Water content of delivered gases during non-invasive ventilation in healthy subjects

Intensive Care Med. 2009 Jun;35(6):987-95. doi: 10.1007/s00134-009-1455-y. Epub 2009 Mar 18.


Introduction: No clear recommendation exists concerning humidification during non-invasive ventilation (NIV) and high flow CPAP, and few hygrometric data are available.

Methods: We measured hygrometry during NIV delivered to healthy subjects with different humidification strategies: heated humidifier (HH), heat and moisture exchanger, (HME) or no humidification (NoH). For each strategy, a turbine and an ICU ventilator were used with different FiO(2) settings, with and without leaks. During CPAP, two different HH and NoH were tested. Inspired gases hygrometry was measured, and comfort was assessed. On a bench, we also assessed the impact of ambient air temperature, ventilator temperature and minute ventilation on HH performances (with NIV settings).

Results: During NIV, with NoH, gas humidity was very low when an ICU ventilator was used (5 mgH(2)O/l), but equivalent to ambient air hygrometry with a turbine ventilator at minimal FiO(2) (13 mgH(2)O/l). HME and HH had comparable performances (25-30 mgH(2)O/l), but HME's effectiveness was reduced with leaks (15 mgH(2)O/l). HH performances were reduced by elevated ambient air and ventilator output temperatures. During CPAP, dry gases (5 mgH(2)O/l) were less tolerated than humidified gases. Gases humidified at 15 or 30 mgH(2)O/l were equally tolerated.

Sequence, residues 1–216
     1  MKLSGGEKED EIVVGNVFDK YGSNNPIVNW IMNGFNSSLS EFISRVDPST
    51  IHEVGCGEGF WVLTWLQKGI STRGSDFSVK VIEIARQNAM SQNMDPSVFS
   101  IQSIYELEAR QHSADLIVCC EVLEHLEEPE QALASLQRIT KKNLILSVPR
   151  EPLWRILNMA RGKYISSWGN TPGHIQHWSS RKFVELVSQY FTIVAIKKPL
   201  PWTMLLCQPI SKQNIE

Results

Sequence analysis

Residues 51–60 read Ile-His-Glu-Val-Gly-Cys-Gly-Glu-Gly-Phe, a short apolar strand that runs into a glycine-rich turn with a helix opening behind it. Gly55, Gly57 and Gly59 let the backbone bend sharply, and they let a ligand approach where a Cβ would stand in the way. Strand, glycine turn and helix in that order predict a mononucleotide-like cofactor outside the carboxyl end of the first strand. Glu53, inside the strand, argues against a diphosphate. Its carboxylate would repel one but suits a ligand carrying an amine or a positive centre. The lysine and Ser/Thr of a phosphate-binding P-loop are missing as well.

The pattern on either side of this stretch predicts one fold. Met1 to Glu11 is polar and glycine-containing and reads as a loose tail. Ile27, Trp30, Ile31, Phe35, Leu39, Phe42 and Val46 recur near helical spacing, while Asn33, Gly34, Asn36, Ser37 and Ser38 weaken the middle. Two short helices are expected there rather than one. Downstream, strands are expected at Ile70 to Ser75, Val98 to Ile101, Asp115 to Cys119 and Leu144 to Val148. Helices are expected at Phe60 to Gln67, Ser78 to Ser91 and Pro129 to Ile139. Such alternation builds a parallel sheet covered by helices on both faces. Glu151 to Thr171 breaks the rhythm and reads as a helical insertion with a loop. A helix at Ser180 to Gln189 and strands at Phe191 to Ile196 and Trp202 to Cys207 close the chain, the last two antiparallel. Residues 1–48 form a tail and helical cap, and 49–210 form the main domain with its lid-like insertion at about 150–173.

Conclusion: This study provides data on the level of humidity delivered with different humidification strategies during NIV and CPAP. HH and HME provide gas with the highest water content. Comfort data suggest that levels above 15 mgH(2)O/l are well tolerated. In favorable conditions, HH and HMEs are capable of providing such values, even in the presence of leaks.

Publication types

  • Comparative Study

MeSH terms

  • Gases*
  • Humans
  • Humidity*
  • Intensive Care Units
  • Positive-Pressure Respiration / methods*


  • Gases